- Algebra (ring theory)
In

mathematics , specifically inring theory , an**algebra over a commutative ring**is a generalization of the concept of an algebra over a field, where the base field "K" is replaced by acommutative ring "R".Any ring can be thought of as an algebra over the commutative ring of

integers . Algebras over a commutative ring can, therefore, be thought of as generalizations of rings.In this article, all rings and algebras are assumed to be

unital and associative.**Formal definition**Let "R" be a fixed

commutative ring . An**"R"-algebra**is an additiveabelian group "A" which has the structure of both a ring and an "R"-module in such a way that ring multiplication is "R"-bilinear:

*$rcdot(xy)\; =\; (rcdot\; x)y\; =\; x(rcdot\; y)$for all "r" ∈ "R" and "x", "y" ∈ "A".If "A" itself is commutative (as a ring) then it is called a

**commutative "R"-algebra**.**From "R"-modules**Starting with an "R"-module "A", we get an "R"-algebra by equipping "A" with an "R"-bilinear mapping "A" × "A" → "A" such that

*$x(yz)\; =\; (xy)z,$

*$exists\; 1in\; A,;\; 1x\; =\; x1\; =\; x$for all "x", "y", and "z" in "A". This "R"-bilinear mapping then gives "A" the structure of a ring and an "R"-algebra.This definition is equivalent to the statement that an "R"-algebra is a monoid in

**"R"-Mod**(themonoidal category of "R"-modules).**From rings**Starting with a ring "A", we get an "R"-algebra by providing a

ring homomorphism $etacolon\; R\; o\; A$ whose image lies in the center of "A". The algebra "A" can then be thought of as an "R"-module by defining:$rcdot\; x\; =\; eta(r)x$for all "r" ∈ "R" and "x" ∈ "A".If "A" is commutative then the center of "A" is equal to "A", so that a commutative "R"-algebra can be defined simply as a homomorphism $etacolon\; R\; o\; A$ of commutative rings.

**Algebra homomorphisms**A

homomorphism between two "R"-algebras is an "R"-linearring homomorphism . Explicitly, $phi\; :\; A\_1\; o\; A\_2$ is an**algebra homomorphism**if

*$phi(rcdot\; x)\; =\; rcdot\; phi(x)$

*$phi(x+y)\; =\; phi(x)+phi(y),$

*$phi(xy)\; =\; phi(x)phi(y),$

*$phi(1)\; =\; 1,$The class of all "R"-algebras together with algebra homomorphisms between them form a category, sometimes denoted**"R"-Alg**.The

subcategory of commutative "R"-algebras can be characterized as thecoslice category "R"/**CRing**where**CRing**is thecategory of commutative rings .**Examples***Any ring "A" can be considered as a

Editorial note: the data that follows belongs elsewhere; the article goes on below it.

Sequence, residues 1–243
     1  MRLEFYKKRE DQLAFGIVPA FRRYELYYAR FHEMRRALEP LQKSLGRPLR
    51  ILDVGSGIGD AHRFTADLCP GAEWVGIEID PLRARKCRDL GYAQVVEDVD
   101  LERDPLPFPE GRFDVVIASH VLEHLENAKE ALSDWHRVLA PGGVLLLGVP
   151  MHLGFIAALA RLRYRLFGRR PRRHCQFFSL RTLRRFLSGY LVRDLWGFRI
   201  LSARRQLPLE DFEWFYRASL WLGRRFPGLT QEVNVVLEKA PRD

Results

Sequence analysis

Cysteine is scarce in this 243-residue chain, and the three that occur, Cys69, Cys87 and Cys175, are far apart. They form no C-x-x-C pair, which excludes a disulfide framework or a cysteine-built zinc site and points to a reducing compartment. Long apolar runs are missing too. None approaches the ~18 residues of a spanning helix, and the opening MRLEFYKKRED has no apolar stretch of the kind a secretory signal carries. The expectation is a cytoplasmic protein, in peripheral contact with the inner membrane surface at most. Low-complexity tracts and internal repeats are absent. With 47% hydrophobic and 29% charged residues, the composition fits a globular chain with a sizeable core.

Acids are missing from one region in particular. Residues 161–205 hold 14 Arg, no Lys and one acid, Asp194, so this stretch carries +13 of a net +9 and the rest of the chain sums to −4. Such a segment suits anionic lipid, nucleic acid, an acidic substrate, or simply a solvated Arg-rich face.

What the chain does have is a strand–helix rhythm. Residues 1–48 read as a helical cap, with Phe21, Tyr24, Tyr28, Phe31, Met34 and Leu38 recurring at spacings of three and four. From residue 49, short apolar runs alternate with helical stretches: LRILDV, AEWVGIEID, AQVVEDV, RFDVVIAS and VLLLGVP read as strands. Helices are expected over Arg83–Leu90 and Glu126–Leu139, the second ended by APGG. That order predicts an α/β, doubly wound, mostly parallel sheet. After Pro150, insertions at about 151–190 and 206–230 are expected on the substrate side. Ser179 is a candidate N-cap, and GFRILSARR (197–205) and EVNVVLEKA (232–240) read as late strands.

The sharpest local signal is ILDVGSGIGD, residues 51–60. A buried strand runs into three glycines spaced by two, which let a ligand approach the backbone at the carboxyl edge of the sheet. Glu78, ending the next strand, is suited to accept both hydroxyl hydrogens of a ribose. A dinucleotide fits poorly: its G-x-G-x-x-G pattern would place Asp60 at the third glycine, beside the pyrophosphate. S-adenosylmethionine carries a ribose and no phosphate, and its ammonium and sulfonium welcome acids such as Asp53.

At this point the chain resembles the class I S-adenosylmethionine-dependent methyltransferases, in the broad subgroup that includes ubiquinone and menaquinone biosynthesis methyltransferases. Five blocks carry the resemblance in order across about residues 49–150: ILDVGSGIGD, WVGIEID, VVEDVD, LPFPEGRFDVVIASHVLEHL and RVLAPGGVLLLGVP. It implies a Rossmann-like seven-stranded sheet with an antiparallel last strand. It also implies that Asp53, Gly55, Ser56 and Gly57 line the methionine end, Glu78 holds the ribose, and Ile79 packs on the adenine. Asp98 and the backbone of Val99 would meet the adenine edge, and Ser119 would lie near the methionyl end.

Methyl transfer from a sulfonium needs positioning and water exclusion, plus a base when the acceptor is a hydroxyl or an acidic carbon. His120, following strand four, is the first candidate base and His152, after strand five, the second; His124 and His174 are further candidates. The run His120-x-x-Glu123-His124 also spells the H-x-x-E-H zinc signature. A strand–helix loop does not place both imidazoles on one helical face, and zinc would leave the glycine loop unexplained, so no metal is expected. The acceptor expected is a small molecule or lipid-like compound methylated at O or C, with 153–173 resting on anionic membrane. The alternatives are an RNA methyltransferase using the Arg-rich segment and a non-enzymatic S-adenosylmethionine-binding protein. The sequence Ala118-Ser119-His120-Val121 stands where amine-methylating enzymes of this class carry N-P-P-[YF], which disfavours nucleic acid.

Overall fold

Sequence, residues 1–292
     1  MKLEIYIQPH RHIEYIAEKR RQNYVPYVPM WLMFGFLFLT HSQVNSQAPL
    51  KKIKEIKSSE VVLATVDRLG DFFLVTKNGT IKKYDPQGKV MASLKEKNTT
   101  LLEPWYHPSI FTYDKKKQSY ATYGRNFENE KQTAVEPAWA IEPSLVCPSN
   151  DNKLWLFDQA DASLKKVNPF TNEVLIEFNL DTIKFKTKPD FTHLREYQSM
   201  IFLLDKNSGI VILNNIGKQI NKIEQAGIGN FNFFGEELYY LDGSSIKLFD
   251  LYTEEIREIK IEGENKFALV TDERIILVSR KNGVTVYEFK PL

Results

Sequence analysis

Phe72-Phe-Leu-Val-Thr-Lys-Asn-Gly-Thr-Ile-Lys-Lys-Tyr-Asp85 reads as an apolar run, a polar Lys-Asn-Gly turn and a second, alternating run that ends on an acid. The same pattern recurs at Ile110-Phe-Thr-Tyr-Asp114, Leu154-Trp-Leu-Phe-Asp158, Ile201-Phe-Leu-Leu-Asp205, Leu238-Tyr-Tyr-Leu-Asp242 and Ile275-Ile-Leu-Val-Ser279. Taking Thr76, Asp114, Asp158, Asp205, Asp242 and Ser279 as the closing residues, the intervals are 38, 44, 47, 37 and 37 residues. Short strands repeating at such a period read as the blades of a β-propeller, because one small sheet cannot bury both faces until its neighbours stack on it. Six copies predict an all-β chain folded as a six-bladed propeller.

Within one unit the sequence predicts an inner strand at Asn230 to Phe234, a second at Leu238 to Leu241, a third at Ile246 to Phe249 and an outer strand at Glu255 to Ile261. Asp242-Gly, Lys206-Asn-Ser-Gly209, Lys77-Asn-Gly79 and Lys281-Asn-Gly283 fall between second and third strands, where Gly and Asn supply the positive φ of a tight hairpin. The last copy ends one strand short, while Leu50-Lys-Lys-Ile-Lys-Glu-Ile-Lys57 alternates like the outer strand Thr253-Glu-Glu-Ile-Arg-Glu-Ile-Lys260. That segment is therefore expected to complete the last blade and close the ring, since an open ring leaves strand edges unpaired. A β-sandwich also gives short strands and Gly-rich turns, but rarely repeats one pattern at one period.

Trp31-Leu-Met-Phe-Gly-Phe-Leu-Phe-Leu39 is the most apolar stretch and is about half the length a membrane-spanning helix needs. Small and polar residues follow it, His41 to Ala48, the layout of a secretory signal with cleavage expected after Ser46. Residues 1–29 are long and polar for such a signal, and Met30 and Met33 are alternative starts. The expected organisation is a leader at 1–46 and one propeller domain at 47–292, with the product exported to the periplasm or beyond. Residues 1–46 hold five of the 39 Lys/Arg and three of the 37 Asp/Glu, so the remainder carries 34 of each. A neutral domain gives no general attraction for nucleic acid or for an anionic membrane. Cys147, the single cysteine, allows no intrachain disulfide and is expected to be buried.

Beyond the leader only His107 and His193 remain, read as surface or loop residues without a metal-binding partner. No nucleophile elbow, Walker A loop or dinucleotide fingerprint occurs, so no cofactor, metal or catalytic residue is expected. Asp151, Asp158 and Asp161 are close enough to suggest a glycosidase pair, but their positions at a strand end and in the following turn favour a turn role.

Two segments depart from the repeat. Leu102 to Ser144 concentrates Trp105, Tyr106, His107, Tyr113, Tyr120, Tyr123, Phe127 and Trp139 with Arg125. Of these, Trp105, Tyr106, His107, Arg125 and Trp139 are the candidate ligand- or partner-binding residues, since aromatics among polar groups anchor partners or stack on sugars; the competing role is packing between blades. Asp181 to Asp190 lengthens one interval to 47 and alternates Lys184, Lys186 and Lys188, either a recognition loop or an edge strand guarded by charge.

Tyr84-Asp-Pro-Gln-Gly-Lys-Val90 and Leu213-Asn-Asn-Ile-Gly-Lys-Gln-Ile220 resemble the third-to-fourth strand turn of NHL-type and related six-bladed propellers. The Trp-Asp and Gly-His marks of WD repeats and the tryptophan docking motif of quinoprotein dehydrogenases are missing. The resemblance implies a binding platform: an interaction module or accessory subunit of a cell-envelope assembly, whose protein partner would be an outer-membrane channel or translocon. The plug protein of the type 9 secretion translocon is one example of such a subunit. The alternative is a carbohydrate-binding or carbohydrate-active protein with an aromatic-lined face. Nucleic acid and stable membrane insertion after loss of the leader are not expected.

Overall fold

**Z**-algebra in a unique way. The unique ring homomorphism from**Z**to "A" is determined by the fact that it must send 1 to the identity in "A". Therefore rings and**Z**-algebras are equivalent concepts, in the same way thatabelian group s and**Z**-modules are equivalent.

*Any ring of characteristic "n" is a (**Z**/"n**"Z**)-algebra in the same way.

*Any ring "A" is an algebra over its center "Z"("A"), or over any subring of its center.

*Any commutative ring "R" is an algebra over itself, or any subring of "R".

*Given an "R"-module "M", theendomorphism ring of "M", denoted End_{"R"}("M") is an "R"-algebra by defining ("r"·φ)("x") = "r"·φ("x").

*Any ring of matrices with coefficients in a commutative ring "R" forms an "R"-algebra under matrix addition and multiplication. This coincides with the previous example when "M" is a finitely-generated, free "R"-module.

*Everypolynomial ring "R" ["x"_{1}, ..., "x"_{"n"}] is a commutative "R"-algebra. In fact, this is the free commutative "R"-algebra on the set {"x"_{1}, ..., "x"_{"n"}}.

*The free "R"-algebra on a set "E" is an algebra of polynomials with coefficients in "R" and noncommuting indeterminates taken from the set "E".

*Thetensor algebra of an "R"-module is naturally an "R"-algebra. The same is true for quotients such as the exterior andsymmetric algebra s. Categorically speaking, thefunctor which maps an "R"-module to its tensor algebra isleft adjoint to the functor which sends an "R"-algebra to its underlying "R"-module (forgetting the ring structure).

* Given a commutative ring "R" and any ring "A" the tensor product "R"⊗_{Z}"A" can be given the structure of an "R"-algebra by defining "r"·("s"⊗"a") = ("rs"⊗"a"). The functor which sends "A" to "R"⊗_{Z}"A" isleft adjoint to the functor which sends an "R"-algebra to its underlying ring (forgetting the module structure).**Constructions**;Subalgebras: A subalgebra of an "R"-algebra "A" is a subset of "A" which is both a

subring and asubmodule of "A". That is, it must be closed under addition, ring multiplication, scalar multiplication, and it must contain the identity element of "A".;Quotient algebras: Let "A" be an "R"-algebra. Any ring-theoretic ideal "I" in "A" is automatically an "R"-module since "r"·"x" = ("r"1_{"A"})"x". This gives thequotient ring "A"/"I" the structure of an "R"-module and, in fact, an "R"-algebra. It follows that any ring homomorphic image of "A" is also an "R"-algebra.;Direct products: The direct product of a family of "R"-algebras is the ring-theoretic direct product. This becomes an "R"-algebra with the obvious scalar multiplication.;Free products: One can form afree product of "R"-algebras in a manner similar to the free product of groups. The free product is thecoproduct in the category of "R"-algebras.;Tensor products: The tensor product of two "R"-algebras is also an "R"-algebra in a natural way. Seetensor product of algebras for more details.**ee also***

associative algebra

*commutative algebra

*semiring **References***cite book | first = Serge | last = Lang | authorlink = Serge Lang | title = Algebra | publisher = Springer | location = New York | year = 2002 | edition = (Rev. 3rd ed.) | series = Graduate Texts in Mathematics

**211**| isbn = 0-387-95385-X

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